Really? All I can see is the many hundreds of ways this can crash and burn in a series of amusing ways... more so when you consider the follow up reply about not sanity checking the results...
I can see this being a legitimate approach if and only if your game logic is heavily data-driven and validated by external tools prior to loading into the engine.
Sure it can crash and burn if I care to introduce bad definitions in the frametable. Who cares? If the function called by a frame for a particular mobj_t says "You can't move here because I said so", then the mobj_t shouldn't give a damn. All that would happen is the mobj_t would stop moving in that direction, and possibly attempt to move in a different direction arbitrarily. It's not an mobj_t's responsibility to determine where it can move in this specific context; it's handled at a higher level. All an mobj_t is responsible for is itself, or being the target of another mobj_t in special cases (monster infighting, or the player being the target of a monster, mainly). And even in that case, mobj_t's typically don't care if they are targets of one another, and can't directly modify one another's target reference; they will attack one another until it is somehow resolved by other mechanics, typically by means of one mobj_t changing targets to the player or another monster, or entering its death state.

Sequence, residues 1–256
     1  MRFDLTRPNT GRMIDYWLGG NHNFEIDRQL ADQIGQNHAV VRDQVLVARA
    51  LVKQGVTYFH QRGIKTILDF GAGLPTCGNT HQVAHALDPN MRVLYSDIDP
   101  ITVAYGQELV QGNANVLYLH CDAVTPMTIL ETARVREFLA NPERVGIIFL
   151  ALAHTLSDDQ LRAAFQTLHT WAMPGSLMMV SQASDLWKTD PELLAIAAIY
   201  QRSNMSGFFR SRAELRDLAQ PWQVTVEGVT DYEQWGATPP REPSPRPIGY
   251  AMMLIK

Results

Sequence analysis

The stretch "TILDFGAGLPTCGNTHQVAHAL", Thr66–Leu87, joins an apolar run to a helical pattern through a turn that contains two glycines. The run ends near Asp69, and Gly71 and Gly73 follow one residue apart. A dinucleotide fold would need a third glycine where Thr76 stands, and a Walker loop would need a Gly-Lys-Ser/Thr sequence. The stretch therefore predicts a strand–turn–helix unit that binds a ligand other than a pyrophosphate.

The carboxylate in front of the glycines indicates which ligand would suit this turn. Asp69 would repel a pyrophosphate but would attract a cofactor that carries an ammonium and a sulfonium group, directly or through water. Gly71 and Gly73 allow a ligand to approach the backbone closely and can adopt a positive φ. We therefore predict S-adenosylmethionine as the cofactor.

It seems simple and concise enough to be easy to debug and easy to implement, and it seems like it would be quite fast, especially in the context of a 2D sidescroller.